Read more: http://www.bloomberg.com/news/articles/2018-03-30/here-s-why-trump-went-postal-on-amazon

Campaign Workers Unionize Just in Time for Midterm Elections

Several Democratic congressional campaigns have agreed to bargain collectively with the Campaign Workers Guild, a new union trying to organize election campaign staff in what may be a first for national politics.

The CWG announced Monday that it had secured a union contract with the campaign of Wisconsin activist Randy Bryce, the leading Democratic challenger to Republican House Speaker Paul Ryan in this year’s midterm elections.

Campaign staffers are the latest professional targets for labor organizers. While overall U.S. unionization remained at a record-low 10.7 percent, last year saw membership in the overwhelmingly non-union professional and technical services sector grow by close to 90,000 members, bringing the total number of unionized American workers to 14.8 million, according to Bureau of Labor Statistics data. 

The CWG’s effort is a first for congressional campaigns, which are staffed largely by contract and short-term workers operating in what are often high-pressure work environments.

“There’s no question that it’s exploitative work,” said Rutgers University labor studies professor Janice Fine, who’s worked on local and national election campaigns. “It’s premised on the idea that young people will work 24-7 in a selfless — and often dangerously selfless — way, and that culture has been passed on for generations.”

Among the issues the union said it seeks to take on are hours that approach eighty per week and wages that are below $15 an hour.

Under the agreement with Bryce’s campaign, workers will get paid time off and earn at least $3,000 per month. The negotiated contract covers eight employees and includes a third-party reporting process for sexual harassment and monthly health insurance reimbursement of up to $500, the campaign said. “Randy is a candidate who practices what he preaches,” said Bryce spokeswoman Lauren Hitt.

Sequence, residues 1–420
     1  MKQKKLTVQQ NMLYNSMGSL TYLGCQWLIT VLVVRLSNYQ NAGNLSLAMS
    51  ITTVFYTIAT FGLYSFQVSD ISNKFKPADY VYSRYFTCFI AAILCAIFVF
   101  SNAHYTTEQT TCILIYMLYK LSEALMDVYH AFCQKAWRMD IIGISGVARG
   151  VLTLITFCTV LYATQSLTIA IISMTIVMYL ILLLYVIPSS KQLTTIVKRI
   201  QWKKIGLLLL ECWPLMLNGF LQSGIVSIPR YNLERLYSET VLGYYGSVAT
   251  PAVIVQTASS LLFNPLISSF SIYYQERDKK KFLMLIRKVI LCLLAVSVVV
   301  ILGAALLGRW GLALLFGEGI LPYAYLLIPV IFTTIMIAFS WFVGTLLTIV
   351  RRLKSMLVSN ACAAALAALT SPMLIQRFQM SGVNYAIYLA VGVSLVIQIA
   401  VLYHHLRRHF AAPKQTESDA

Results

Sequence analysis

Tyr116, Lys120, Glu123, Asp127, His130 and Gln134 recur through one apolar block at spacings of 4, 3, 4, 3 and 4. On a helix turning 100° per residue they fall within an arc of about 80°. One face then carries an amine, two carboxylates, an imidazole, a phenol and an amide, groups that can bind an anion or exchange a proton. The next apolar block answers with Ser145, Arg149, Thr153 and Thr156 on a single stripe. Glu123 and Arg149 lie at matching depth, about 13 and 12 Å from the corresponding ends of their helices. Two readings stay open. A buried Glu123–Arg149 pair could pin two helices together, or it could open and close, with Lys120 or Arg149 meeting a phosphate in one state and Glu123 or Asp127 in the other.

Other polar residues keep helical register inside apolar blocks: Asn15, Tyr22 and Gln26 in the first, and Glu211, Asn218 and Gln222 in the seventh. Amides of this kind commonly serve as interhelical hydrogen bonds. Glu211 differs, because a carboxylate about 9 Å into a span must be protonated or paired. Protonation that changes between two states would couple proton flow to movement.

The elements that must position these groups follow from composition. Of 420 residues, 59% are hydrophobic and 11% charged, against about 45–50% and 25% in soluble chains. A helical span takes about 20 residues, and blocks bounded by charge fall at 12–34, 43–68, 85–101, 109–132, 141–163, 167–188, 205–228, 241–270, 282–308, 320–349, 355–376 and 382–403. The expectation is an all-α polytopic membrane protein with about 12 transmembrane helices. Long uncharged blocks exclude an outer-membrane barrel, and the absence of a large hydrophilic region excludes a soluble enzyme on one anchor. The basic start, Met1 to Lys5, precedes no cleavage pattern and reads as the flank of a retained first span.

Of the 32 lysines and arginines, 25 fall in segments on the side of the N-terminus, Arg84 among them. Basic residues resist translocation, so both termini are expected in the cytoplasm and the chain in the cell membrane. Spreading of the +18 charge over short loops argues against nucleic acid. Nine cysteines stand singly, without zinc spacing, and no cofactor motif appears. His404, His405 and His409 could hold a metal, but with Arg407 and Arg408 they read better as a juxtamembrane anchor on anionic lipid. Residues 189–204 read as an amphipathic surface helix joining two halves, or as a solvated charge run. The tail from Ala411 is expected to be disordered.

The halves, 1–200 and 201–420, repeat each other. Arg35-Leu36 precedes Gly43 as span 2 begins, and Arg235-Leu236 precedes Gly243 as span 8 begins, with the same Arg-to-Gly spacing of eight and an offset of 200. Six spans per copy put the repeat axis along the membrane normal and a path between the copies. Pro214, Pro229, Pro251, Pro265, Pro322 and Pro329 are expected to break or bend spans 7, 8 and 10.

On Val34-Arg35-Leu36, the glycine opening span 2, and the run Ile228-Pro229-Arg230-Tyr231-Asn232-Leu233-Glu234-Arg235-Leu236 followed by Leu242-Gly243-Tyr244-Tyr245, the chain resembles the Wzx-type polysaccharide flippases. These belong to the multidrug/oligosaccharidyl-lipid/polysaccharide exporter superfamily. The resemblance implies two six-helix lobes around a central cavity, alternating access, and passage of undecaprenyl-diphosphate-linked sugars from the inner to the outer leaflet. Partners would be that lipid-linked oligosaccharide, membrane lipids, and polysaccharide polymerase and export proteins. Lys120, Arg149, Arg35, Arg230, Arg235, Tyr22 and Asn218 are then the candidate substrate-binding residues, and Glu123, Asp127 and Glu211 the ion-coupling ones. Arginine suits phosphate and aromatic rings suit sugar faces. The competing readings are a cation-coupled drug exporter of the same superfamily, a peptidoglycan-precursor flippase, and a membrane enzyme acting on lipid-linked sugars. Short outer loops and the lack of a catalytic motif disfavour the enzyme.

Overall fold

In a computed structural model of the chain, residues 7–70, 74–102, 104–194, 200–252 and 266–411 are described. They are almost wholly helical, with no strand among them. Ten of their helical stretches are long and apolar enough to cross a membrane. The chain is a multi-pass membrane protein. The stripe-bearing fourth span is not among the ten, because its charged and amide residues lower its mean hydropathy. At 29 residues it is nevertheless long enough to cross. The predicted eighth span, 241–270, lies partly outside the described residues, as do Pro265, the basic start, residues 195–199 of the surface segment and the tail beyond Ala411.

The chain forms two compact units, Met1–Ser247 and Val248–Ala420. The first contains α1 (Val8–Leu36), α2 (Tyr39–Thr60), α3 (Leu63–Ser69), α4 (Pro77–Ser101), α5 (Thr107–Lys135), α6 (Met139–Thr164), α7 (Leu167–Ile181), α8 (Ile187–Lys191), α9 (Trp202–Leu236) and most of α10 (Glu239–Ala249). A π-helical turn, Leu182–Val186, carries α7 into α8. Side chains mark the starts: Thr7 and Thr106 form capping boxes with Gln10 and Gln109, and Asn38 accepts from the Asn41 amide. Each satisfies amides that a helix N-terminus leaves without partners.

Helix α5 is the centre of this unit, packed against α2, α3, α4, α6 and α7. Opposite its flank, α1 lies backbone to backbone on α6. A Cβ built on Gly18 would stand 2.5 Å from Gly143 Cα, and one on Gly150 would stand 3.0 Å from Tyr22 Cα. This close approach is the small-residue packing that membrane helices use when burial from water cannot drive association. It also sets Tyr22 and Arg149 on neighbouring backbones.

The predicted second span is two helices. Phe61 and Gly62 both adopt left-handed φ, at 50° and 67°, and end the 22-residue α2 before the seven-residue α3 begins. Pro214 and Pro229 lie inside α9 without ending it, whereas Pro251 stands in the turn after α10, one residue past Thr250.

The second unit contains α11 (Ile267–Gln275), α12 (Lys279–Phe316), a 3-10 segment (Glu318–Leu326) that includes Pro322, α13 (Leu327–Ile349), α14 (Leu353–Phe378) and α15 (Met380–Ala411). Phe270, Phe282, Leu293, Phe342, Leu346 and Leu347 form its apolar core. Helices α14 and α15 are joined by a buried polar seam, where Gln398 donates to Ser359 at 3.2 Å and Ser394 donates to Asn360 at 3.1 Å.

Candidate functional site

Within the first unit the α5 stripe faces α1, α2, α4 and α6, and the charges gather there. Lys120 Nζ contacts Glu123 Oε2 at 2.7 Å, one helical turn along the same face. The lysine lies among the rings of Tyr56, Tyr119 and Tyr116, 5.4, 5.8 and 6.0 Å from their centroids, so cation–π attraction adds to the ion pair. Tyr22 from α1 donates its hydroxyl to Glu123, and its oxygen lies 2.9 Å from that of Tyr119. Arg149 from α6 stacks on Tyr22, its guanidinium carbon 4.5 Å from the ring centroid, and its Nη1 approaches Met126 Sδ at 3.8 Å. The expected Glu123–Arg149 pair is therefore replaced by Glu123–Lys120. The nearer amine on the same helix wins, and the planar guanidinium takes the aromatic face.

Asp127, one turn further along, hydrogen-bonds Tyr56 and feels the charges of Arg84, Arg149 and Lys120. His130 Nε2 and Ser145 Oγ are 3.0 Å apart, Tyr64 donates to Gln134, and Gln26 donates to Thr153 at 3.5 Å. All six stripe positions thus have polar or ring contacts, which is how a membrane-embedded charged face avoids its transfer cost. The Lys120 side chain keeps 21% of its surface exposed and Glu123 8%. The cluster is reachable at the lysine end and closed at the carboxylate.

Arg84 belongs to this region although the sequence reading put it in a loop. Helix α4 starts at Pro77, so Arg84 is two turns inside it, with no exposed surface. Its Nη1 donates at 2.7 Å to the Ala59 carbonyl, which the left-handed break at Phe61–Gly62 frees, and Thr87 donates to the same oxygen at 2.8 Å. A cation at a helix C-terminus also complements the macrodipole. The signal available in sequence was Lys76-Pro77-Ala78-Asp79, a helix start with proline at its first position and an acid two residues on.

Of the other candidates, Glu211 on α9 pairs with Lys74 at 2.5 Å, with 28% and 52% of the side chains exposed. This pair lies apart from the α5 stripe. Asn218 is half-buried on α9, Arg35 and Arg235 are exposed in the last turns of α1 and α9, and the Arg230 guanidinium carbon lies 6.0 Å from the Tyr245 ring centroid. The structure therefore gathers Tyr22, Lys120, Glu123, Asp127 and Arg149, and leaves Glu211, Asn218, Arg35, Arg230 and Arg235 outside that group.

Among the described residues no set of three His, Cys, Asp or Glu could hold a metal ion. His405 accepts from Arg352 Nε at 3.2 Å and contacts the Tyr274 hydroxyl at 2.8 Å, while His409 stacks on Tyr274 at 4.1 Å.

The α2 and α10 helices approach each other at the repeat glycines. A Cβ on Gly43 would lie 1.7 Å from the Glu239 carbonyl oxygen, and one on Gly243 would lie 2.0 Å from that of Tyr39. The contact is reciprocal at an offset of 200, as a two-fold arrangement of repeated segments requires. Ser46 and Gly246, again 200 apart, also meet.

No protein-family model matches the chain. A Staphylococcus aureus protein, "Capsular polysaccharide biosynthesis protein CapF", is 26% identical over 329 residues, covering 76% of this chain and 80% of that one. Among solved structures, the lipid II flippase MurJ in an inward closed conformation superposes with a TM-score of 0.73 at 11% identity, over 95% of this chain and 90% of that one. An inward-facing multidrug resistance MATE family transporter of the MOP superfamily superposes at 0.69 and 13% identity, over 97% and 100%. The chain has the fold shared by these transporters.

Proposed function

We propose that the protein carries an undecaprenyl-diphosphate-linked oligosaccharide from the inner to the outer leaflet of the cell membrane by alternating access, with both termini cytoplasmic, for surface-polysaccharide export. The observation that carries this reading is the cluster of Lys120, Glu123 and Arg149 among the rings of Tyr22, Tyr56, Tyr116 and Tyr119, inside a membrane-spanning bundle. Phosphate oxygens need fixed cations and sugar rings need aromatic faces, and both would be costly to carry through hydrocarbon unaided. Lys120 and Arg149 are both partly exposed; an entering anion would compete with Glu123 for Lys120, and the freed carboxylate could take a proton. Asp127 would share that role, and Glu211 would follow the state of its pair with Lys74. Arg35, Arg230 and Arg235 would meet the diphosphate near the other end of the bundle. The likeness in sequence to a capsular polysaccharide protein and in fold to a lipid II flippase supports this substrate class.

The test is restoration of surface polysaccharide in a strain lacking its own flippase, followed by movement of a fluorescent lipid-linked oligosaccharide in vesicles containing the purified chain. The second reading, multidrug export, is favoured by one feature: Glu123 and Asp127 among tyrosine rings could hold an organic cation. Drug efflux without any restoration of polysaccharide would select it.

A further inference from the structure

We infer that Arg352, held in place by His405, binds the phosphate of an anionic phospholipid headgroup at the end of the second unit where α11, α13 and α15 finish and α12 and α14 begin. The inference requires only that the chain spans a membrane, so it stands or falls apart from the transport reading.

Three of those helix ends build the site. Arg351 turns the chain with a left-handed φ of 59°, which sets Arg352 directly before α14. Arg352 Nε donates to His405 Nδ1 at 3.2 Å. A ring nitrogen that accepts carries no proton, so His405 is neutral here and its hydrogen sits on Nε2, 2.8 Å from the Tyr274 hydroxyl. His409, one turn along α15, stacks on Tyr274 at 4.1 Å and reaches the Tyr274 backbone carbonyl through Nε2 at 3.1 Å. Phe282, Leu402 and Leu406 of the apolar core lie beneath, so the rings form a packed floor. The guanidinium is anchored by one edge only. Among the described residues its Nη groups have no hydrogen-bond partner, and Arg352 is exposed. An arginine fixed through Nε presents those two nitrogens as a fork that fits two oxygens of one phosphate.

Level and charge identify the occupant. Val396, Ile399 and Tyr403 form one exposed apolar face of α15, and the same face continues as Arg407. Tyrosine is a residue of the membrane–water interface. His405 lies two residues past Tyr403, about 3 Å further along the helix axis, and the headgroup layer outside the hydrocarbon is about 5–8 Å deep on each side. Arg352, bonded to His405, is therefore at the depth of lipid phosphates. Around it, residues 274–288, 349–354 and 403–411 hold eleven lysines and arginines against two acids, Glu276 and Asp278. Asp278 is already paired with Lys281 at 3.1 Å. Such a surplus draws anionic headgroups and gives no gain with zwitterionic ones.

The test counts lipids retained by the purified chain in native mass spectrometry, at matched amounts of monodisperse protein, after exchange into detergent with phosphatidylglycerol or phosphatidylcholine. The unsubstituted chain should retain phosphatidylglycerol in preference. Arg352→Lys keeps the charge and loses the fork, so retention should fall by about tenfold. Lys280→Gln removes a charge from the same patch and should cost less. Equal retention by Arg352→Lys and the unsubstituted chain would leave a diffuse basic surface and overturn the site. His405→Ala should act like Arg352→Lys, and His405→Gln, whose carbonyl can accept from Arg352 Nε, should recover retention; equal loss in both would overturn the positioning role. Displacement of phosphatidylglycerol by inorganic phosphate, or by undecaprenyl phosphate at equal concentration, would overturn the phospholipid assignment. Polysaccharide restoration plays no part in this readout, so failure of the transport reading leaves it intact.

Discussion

Additional House campaigns and one gubernatorial campaign have also recognized the CWG and are negotiating contracts, according to the union’s vice president, Meg Reilly. “We’re starting with Democratic candidates because there’s obviously an explicit disconnect between the Democratic platform and how Democratic candidates treat their workers,” she said. She declined to identify the other campaigns citing ongoing negotiations.

The CWG and its members are following the lead of progressive non-profits. Some of them, such as the Center for American Progress and Lambda Legal, have agreed to bargain collectively with their employees in recent years. Last fall, the Vermont Democratic Party, whose new executive director is a former union political director, voted to
collectively bargain with its staff, who have affiliated with the United Steelworkers Union.

CWG’s ultimate aim is a collective bargaining agreement that would cover all Democratic campaigns for local, state, and federal office and those for progressive ballot measures. 

The Democratic National Committee and Democratic Congressional Campaign Committee didn’t immediately provide comment in response to inquiries about the union. In a Monday evening post on Twitter, DNC Deputy Chair Keith Ellison, a Minnesota congressman, shared an open letter from the union and said, "The progressive movement needs to live up to its values. We have to treat our organizers with respect and dignity."

The Republican National Committee referred an inquiry to the National Republican Congressional Committee, which didn’t immediately respond. Ryan’s campaign declined to comment.

CWG’s Reilly said the national Democratic Party will ultimately benefit from campaign workers who don’t burn out and instead benefit from a sustainable career. “We’re simply fed up with that argument that we should sacrifice our health, our well-being, our time with our family, in order to placate the concerns of candidates,” she said.

    Read more: http://www.bloomberg.com/news/articles/2018-02-12/campaign-workers-unionize-just-in-time-for-mid-term-elections